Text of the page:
Monday, September 26, 2016

Okkyung Lee, Christian Marclay, Amalgam

Christian Marclay's abstract, new music turntable infusions blend vitally with Okkyung Lee's extended cello techniques on the impactful duo improvisation amalgam (Northern Spy 082 CD).

It is a continuous barrage of lively sonic collage we hear for some forty minutes, nimbly bounding from sound-event-station to sound-event-station, ever in development, ever pursuing an open destination.

The album was captured live at Cafe Oto and nicely expresses the creatively spontaneous inspiration of shining in the moment.

There is a beautifully open rapport between Lee and Marclay that involves an acute awareness of the sonoric possibilities of color-timbre discourses in real time. The noise element contrasts with notefull textures dramatically throughout the set.

This is a vibrant contemporary example of the exceptional flowering of new music improv that has taken place in this century thus far. As talented individuals encompass a greater and greater spectrum of  sound poetics we begin to see a dramatic increase in spontaneous expressivities and at times a great distance between the language of such performances and earlier "free" vocabularies.

A brave new sort of world confronts us on the best of such event gatherings. Amalgam reminds us how far we have come, how Lee and Marclay are exemplifying and pointing towards new sonic frontiers.

Bravo!

Thursday, September 22, 2016

Joe McPhee, Flowers


Saxophonist Joe McPhee has been a key member of the new jazz community for so long now that some might tend to take him for granted. They should not. After all his long-time partner in Trio X, bassist Dominic Duval, has recently left us. We must appreciate and celebrate our masters while they continue to flourish.

And so as a timely reminder we have a newly released, all-alto-solo Joe McPhee album Flowers (Cipsela 005), which was recorded live at the 2009 Jazz ao Centro Festival in Coimbra, Portugal.

It is a thematically unified affair--with a series of dedications (for Ornette, John Tchicai, Anthony Braxton, etc.) which serve as catalysts for some state-of-the-art improvisations.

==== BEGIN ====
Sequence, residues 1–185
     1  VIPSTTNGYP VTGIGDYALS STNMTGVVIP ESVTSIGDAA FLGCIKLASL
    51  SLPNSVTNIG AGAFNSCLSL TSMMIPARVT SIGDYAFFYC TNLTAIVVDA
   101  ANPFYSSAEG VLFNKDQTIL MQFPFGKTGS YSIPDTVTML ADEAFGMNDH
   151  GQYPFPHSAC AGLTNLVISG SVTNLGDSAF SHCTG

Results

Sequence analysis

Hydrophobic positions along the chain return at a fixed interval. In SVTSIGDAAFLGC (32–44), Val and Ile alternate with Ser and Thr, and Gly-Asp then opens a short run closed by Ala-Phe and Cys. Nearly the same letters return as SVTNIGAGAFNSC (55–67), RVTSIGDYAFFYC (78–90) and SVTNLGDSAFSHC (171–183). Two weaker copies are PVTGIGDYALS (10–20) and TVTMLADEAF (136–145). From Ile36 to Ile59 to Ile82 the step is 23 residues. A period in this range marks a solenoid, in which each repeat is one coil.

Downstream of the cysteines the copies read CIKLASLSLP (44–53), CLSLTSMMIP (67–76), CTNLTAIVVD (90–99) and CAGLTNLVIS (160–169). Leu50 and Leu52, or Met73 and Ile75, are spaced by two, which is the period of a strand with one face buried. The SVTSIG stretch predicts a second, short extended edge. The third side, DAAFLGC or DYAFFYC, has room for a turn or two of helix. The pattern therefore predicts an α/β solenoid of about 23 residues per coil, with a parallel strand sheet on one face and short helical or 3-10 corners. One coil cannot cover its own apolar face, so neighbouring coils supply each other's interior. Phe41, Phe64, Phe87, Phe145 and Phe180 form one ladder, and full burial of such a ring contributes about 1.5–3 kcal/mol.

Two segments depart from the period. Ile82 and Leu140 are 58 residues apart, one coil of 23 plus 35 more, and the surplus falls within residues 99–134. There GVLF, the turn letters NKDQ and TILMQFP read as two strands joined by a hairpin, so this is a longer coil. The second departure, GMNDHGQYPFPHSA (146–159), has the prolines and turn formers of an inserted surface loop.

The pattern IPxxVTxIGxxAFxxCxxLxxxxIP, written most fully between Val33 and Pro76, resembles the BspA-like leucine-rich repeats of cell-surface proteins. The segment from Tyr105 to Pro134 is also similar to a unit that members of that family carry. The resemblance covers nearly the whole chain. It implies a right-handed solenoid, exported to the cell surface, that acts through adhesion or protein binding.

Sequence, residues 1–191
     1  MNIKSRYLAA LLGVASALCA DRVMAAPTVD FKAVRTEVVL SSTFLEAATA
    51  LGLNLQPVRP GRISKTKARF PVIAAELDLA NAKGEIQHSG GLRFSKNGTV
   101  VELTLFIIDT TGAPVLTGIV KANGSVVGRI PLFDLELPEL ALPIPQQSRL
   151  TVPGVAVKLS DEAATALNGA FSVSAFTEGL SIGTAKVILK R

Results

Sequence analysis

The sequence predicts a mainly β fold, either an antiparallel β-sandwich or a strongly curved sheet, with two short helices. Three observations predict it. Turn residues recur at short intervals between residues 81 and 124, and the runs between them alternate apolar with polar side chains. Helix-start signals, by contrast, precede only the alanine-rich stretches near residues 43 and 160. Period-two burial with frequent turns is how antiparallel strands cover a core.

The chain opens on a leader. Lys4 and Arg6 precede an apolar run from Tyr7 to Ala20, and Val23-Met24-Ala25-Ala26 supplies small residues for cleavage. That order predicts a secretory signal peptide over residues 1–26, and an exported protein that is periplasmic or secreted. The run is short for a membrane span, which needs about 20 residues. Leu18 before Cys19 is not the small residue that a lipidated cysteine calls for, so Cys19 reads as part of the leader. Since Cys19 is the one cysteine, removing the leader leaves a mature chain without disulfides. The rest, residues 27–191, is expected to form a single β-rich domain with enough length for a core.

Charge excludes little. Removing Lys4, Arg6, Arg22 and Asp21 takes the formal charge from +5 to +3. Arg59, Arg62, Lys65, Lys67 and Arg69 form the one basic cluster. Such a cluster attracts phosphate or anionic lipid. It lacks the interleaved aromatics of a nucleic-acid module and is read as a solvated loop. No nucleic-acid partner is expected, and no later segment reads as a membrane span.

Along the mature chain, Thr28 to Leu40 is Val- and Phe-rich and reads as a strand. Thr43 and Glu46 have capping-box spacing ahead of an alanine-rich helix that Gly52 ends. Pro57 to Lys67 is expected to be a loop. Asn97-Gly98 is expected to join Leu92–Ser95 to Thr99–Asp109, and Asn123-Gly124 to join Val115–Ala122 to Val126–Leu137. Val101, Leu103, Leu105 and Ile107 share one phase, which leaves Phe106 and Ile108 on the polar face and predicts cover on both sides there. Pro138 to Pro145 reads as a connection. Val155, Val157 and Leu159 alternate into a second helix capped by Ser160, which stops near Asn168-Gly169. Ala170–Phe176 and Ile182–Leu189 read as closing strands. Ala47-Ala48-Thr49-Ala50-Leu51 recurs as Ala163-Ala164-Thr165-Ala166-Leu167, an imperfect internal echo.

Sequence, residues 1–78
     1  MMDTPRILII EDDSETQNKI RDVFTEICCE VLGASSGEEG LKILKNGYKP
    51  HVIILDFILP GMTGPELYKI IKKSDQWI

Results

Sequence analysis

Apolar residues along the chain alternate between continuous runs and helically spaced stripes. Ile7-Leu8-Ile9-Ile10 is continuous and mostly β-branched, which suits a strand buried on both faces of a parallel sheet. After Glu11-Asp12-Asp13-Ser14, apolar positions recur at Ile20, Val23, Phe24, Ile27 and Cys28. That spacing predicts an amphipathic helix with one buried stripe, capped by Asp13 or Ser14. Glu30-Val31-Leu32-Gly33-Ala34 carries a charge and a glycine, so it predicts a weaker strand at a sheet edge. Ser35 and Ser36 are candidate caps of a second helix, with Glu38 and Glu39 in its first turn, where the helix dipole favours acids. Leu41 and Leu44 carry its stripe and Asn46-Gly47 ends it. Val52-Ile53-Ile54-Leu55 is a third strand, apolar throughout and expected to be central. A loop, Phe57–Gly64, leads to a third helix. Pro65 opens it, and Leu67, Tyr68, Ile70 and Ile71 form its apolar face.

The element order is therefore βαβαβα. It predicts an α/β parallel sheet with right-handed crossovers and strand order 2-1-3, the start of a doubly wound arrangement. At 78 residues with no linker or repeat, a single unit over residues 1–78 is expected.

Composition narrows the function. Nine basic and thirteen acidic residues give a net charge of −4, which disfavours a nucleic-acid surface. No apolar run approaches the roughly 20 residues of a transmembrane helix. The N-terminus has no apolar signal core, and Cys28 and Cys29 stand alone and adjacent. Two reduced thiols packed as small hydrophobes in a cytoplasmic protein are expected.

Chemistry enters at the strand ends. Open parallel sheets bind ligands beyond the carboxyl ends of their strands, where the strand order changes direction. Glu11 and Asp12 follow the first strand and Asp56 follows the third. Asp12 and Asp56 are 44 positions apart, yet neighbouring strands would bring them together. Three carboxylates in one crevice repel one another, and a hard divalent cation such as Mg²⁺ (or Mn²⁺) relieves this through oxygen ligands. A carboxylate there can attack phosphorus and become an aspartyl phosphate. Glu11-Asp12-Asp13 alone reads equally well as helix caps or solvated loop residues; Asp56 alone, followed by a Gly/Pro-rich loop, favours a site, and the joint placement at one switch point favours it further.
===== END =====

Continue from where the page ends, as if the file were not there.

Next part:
Joe is in great form, seemingly inspired by the appreciative audience. And you find yourself caught up after a few listens in the logic-soul of the spontaneous moment.

It is an excellent set, a great one to have. Long live Joe McPhee!

Wednesday, September 21, 2016

Nick Fraser Quartet, Starer

Here's a crack quartet led by drummer Nick Fraser. Starer (Ontario Arts Council) deftly combines new music and free jazz with Fraser's compositional frameworks that set off the open drumming, the bottom density of double bassist Rob Clutton and cello intensities of Andrew Downing, nicely balanced by the tenor and soprano exuberance of the formidable Tony Malaby.

This is music that wakes you up to new possibilities that lay out well and pointilistically drive forward with a contrapuntal kind of avant swing that starts with Nick's all-over fullness of tone and gets handed forward with the complex string work and sax soulfulness. It is a furtherance of the Too Many Continents album Nick and Tony did a while ago with Kris Davis. Clutton and Downing give the music a different spin but it's all on the road to the very new.

It is both very original and very successful in its free-structured juxtapositions.

One of the more startling avant jazz albums this year to date. Bravo Nick and Quartet! Get this one!


Monday, September 19, 2016

Kasper Tom, Rudi Mahall, One Man's Trash is Another Man's Treasure

The ever-present duo formation in avant jazz gets another fine example with drummer Kasper Tom and reedist Rudi Mahall's One Man's Trash is Another Man's Treasure (Barefoot Records 050 CD). The two have been regular performing partners for some time now (type "Kasper Tom" in the search box above for three examples of the two in a larger group setting). But this is the first to my knowledge of the two in duet.

Nine spontaneous numbers fill out the CD with nicely turned improvs, Rudi unleashing his arsenal of clarinets in his special way and Kasper Tom playing consistently brilliant and inventive free drums.